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I read a lot of entries at stack exchange about bcrypt and why it is supposed to be better than PBKDF2 in terms of password storage.

I'm asking now if bcrypt is better than PBKDF2 in terms of key derivation? In my case, I only have to derive a symmetric key for AES encryption (e.g. 256 bits key length). This key doesn't have to be saved, it's only used on the fly for encryption. What would you suggest, is bcrypt better in this scenario than PBKDF2?

Cheers, Pits

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1 Answer 1

Bcrypt outputs a 192-bit result, no more, no less. This is inconvenient if you want a key longer than 192 bits, e.g. a 256-bit AES key. In that situation, I recommend taking the bcrypt output and hashing it with a secure hash function with a large enough output for the required key material length (e.g. if you need a 256-bit encryption key and a 128-bit MAC key, use SHA-384 or SHA-512). Otherwise, bcrypt is considered to be fine as far as key derivation is concerned.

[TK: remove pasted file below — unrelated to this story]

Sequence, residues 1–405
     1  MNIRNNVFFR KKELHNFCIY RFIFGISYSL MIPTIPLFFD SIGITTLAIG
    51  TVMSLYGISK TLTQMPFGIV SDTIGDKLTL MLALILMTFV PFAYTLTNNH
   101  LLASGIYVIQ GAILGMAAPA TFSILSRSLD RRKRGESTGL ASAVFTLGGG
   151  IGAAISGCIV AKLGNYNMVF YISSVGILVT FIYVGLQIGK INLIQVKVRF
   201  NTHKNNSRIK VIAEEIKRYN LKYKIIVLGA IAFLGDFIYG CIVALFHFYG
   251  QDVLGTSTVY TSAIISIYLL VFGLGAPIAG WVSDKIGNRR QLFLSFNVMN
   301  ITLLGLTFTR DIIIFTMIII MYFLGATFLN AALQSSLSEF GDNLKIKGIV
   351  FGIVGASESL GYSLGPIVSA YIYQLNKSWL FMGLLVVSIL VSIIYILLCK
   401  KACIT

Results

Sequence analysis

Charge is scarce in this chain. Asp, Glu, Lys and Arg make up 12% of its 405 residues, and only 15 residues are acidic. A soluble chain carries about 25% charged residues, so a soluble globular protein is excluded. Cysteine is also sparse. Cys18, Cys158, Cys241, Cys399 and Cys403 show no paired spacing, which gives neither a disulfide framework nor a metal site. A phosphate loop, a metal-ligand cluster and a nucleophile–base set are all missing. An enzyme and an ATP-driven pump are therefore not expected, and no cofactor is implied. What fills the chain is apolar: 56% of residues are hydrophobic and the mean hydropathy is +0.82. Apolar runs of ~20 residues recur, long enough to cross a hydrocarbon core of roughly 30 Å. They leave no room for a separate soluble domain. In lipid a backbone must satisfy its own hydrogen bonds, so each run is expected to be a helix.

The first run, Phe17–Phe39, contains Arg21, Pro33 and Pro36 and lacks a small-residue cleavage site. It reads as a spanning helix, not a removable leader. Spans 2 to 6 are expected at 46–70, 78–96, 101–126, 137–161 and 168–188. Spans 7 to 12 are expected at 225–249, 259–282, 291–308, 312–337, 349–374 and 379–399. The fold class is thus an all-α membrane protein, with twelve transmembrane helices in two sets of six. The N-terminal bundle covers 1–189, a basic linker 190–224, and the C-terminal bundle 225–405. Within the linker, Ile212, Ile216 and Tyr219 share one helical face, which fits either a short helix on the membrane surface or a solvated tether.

(Generating a 256-bit encryption key from a 192-bit value does not make much sense; but using 256-bit AES instead of 128-bit AES does not make much sense either, practically speaking. The real weakness in a bcrypt-powered system, anyway, is that the keys come from a human-remembered password; bcrypt makes such a thing tolerable, but nowhere near as secure as a truly random 128-bit key, much less a 192-bit or 256-bit key. So if you need a 256-bit key for "administrative reasons", generating that from the bcrypt output and a hash function would create no extra actual security problem.)

Bcrypt has a minor quirk in that if you split a 192-bit bcrypt output into three 64-bit values, it is mathematically guaranteed that the three 64-bit values will be distinct from each other. Thus, the output of bcrypt can be distinguished from that of a random oracle by looking at about 264 distinct bcrypt outputs (for random 192-bit values, one may expect to encounter a block collision -- two of the three 64-bit values equal to each other -- after an average of 264/3 values). This is a very slight bias which has no practical consequence for security.

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Interesting quirk –  makerofthings7 Jan 24 '12 at 15:46
    
Thanks for your answer. Obviously you are right that a 256 AES is not needed if the key is derived using bcrypt. A password chosen by a person is always much more insecure that a machine-generated 128 bit key... –  Pits Jan 24 '12 at 16:07

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